The Maybe monad is perhaps the one I understand the best, so let’s think about this one. Values of type Maybe are either Just a with a some type variable, or Nothing. They can represent null pointers, functions that sometimes don’t return a value, and all sorts of other cool stuff. The transformation \(\eta\) turns a raw value (6, maybe) and into Just 6. Finally, \(\mu\) combines two Maybes into one: \(\mu\) applied to Just (Just 11)) gives Just 11. On the other hand, if we apply it to Just Nothing, we get back Nothing, which is as it should be.

Maybe in Haskell

Here is a short Haskell example of the Maybe monad, basically just restating these rules. The Functor type represents a functor, here named t. The Monad type represents a monad whose underlying functor is t. (Note: these are not the monad types in the standard library, see below.)

class Functor t where
  fmap :: (a -> b) -> t a -> t b

class Functor t => Monad t where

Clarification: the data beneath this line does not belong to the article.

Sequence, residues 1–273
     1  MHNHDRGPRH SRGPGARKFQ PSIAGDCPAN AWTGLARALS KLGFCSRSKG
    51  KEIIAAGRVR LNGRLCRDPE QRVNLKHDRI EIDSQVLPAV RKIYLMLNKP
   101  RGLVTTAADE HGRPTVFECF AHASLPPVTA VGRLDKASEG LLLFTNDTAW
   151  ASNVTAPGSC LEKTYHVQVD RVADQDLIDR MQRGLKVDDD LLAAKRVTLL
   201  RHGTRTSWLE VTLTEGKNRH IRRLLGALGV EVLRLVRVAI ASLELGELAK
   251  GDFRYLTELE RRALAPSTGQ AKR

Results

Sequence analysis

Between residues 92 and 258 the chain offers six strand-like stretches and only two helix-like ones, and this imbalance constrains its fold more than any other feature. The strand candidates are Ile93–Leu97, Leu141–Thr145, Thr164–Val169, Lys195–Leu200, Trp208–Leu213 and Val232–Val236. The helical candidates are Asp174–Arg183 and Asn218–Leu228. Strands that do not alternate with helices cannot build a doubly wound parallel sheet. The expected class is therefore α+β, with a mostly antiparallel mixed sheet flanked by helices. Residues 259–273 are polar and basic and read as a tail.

eta :: a -> (t a)
  mu  :: t (t a) -> (t a)

instance Functor Maybe where
  fmap f (Just x) = Just (f x)
  fmap f Nothing = Nothing

instance Monad Maybe where
  eta x = Just x
  mu (Just (Just x)) = Just x
  mu (Just Nothing) = Nothing

List monad in Haskell

The List monad is another simple monad, allowing us to chain functions that return lists. Here’s a simple implementation.

instance Functor [] where
  fmap f (x:xs) = f x : fmap f xs

instance Monad [] where
  eta x = [x]
  mu = concat

As you can see fmap just maps over a list, \(\eta\) creates a singleton list, and \(\mu\) concatenates a list of lists into one flat list. Again, pretty much what we’d expect.

Kleisli triples

Suppose that \((F, \mu, \eta)\) is a monad over a category \(\CC\). The Kleisli category of \(\CC\) is the category \(\CC_F\) whose objects are just the objects of \(\CC\), but whose arrows are functions \(f\colon A\rightarrow FB\). Composition of morphisms \(f\colon X\rightarrow FY\) and \(g\colon Y\rightarrow FZ\) in \(\CC_F\) is defined by

\[ g\circ_F f = \mu_Z\circ Fg\circ f. \]

The identity morphism is given by the monad unit \(\eta\).